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Fostering

December 7, 2015

Do you remember the story of Hannah in the Old Testament? It is the story of a foster mother. Most people hear the words “foster child” and the first thing that comes to mind is a story they’ve heard in the movies. The reality is for many children fostering is a way of life. Check out these stats: “In the U.S. 397,122 children are living without permanent families in the foster care system. Of these 101,666 are eligible for adoption, but nearly 32% of these children will wait over three years in foster care before being adopted” (http://ccainstitute.org/).

 

Contrary to popular opinion, fostering is not a nightmarish experience. While there may be some foster parents out there who use their children as a means to a check, most of us are genuinely doing our best to care for the children assigned to us. And some of us are seeking to eliminate both of these statistics by adopting the children we are allowed to adopt out of the system and creating a forever home for them.

Hannah prayed (groaned would be a better word) for a child and God answered her prayer. She promised God she would give her child back to Him if He would just allow her the privilege of caring.

 

Most of us parents can grasp Hannah’s heart at this point. We understand the idea behind giving our children to the Lord. However, most of us would agree that Hannah (and Abraham) went too far when she carried her son back to Shiloh and left him with Eli, the priest. But not the foster parent.

 

We are not hard hearted and neither was Hannah. We love these children just as much as you love those that came from your own genes. We cry bitter tears, just as you would, when these children are removed from our homes. But we understand one thing: these children belong to the Lord. We may not be able to hold them for a lifetime, but we can hold them for a moment.

 

Hannah’s child, Samuel, grew up to be one of the greatest figures in Israel’s history. Of the 397,122 children in the system right now, is it possible God has called many of them to greatness? Is it possible He loves each of them as He loves His very own Son, Jesus? Is it possible He expects His church to reach out to them in the same way we reach out to the children that bear our last name week after week? YES.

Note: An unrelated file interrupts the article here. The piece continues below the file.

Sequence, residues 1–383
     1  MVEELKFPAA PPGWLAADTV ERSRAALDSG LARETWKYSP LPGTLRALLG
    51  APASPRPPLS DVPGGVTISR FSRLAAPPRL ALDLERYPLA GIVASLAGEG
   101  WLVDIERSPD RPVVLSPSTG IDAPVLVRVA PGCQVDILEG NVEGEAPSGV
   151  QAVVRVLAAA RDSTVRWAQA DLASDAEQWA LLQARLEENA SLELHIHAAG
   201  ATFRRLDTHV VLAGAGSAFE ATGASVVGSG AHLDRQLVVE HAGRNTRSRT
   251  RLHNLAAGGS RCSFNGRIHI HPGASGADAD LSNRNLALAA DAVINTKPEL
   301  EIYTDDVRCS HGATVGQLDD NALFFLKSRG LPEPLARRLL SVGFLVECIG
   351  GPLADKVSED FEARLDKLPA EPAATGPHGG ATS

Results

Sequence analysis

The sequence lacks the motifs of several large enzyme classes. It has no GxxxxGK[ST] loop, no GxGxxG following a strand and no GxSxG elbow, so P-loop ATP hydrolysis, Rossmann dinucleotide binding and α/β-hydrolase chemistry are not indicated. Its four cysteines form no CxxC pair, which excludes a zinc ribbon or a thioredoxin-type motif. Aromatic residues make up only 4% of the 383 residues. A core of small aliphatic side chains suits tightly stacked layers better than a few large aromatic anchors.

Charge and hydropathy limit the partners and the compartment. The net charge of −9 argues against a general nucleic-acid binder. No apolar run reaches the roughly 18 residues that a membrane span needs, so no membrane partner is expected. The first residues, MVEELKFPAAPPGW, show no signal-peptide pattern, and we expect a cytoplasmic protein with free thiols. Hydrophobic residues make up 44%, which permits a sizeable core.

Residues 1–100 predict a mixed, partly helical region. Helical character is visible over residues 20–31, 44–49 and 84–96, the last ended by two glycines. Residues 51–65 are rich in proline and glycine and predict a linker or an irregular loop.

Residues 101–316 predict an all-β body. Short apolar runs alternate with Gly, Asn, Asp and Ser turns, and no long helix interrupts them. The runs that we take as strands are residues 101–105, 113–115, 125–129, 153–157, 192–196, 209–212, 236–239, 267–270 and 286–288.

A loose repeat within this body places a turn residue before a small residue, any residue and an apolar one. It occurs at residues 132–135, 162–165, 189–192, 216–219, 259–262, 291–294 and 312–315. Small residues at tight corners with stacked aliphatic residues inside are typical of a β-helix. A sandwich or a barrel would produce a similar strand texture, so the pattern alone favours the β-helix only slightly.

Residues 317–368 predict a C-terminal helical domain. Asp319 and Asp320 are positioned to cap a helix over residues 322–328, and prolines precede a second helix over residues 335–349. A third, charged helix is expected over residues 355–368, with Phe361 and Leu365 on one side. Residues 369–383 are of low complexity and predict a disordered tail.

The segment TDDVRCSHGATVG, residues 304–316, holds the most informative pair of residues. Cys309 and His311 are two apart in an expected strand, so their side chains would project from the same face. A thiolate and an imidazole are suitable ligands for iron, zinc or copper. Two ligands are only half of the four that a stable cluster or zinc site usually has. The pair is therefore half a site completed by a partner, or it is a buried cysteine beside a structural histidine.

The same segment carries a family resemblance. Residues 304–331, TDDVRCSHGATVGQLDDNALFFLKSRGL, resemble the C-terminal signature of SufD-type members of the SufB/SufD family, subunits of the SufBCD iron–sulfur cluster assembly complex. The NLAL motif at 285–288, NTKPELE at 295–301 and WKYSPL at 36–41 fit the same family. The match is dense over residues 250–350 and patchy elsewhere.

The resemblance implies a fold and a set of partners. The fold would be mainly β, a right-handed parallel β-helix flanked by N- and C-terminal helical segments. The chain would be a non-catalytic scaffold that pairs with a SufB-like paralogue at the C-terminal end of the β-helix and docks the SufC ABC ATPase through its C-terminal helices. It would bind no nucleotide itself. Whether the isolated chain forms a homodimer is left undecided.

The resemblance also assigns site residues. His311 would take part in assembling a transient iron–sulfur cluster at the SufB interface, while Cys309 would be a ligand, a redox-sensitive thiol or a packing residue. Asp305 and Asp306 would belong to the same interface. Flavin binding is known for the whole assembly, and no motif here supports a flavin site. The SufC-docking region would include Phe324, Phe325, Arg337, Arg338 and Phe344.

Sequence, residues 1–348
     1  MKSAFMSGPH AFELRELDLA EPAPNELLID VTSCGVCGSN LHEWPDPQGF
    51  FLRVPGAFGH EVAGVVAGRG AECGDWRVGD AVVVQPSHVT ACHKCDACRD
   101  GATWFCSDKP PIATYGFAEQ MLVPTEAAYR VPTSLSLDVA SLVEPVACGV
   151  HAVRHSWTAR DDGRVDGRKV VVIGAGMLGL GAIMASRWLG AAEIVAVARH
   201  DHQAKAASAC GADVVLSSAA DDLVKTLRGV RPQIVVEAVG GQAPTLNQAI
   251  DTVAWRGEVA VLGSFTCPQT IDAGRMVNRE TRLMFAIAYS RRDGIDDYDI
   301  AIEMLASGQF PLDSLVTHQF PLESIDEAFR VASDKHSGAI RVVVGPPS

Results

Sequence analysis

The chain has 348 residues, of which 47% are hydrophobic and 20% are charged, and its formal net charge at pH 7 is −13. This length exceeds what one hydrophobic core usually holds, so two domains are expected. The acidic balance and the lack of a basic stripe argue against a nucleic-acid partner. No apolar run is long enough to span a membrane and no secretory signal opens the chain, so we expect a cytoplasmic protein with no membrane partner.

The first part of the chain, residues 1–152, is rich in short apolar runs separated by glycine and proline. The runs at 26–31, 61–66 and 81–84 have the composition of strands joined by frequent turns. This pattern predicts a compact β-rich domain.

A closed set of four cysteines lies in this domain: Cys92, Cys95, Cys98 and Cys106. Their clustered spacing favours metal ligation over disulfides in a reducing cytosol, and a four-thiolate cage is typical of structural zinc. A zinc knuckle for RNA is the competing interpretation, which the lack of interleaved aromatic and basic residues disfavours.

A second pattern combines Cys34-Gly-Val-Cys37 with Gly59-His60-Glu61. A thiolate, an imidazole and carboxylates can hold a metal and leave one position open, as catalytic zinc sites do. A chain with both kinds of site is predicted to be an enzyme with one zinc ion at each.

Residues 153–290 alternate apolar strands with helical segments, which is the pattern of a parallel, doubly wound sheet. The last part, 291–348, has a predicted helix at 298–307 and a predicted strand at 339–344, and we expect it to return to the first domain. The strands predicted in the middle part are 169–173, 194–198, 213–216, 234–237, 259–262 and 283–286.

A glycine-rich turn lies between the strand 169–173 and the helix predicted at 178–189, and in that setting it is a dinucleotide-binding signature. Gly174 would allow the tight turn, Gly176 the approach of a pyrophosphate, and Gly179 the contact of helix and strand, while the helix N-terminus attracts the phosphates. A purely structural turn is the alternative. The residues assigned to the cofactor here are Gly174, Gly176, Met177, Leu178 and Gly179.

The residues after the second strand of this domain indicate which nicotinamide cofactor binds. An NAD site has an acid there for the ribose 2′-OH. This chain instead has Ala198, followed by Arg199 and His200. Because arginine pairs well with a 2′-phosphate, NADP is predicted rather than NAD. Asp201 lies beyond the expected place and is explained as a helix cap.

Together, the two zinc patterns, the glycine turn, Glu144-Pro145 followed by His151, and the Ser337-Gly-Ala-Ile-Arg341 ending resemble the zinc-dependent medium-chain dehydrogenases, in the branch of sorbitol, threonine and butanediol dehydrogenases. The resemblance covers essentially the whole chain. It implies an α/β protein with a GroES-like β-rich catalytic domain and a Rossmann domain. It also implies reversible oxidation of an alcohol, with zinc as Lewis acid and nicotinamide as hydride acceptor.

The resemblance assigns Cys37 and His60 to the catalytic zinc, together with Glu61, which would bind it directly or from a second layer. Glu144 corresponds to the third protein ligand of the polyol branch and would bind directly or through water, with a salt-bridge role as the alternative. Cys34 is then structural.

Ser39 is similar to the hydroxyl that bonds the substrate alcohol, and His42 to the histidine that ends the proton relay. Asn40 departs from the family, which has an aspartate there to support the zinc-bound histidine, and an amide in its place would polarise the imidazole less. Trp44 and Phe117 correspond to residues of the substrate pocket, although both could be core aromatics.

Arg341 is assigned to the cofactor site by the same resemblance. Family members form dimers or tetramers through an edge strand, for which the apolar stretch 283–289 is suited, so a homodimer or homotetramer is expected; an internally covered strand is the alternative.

Numbers are not the focus of this piece. People are. I am not trying to make a bad statistic better. I’m hoping you will read this and see the face of a child who needs a home. This is not a sappy commercial with the picture of a hungry child. This is a call for Christians to get up off our behinds and put an end to a system that is broken at best. This is a call to action.

 

You say “I have too much to do already.” Maybe you need to prioritize better. “I could never take the risk they’d be removed from my home after I’d had them for a while.” It’s a much better risk than the one they are facing. “How would my kids react to other children in the home?” They’ll probably follow your lead. “How will I afford to feed, clothe, and care for more mouths?” The same way you’d feed, clothe, and care for another mouth that bore your last name.

 

Christian, it’s really not that hard. If we wake up each day with the reality that our life is not our own, we must consider the possibility that Christ wants us in the foster system. Right now, this is as close as I can get to a leper colony. I seem to remember Jesus spending time with that sect of outcasts. I believe it’s possible Jesus wants us to pitch our tents here, too.

 

Hannah gave Samuel back so the Lord could use him in ways not possible if he had remained in the home. God gave Jesus back so He could use Him in ways not possible if He had remained in the home. God gave us back, too. He adopted us (aren’t you glad!), made us full-fledged children, and then gave us an allotted time span to do life here on earth. Why? So He could use us in ways not possible if He had immediately taken us home. He gave us back. What will you do with your second go around?

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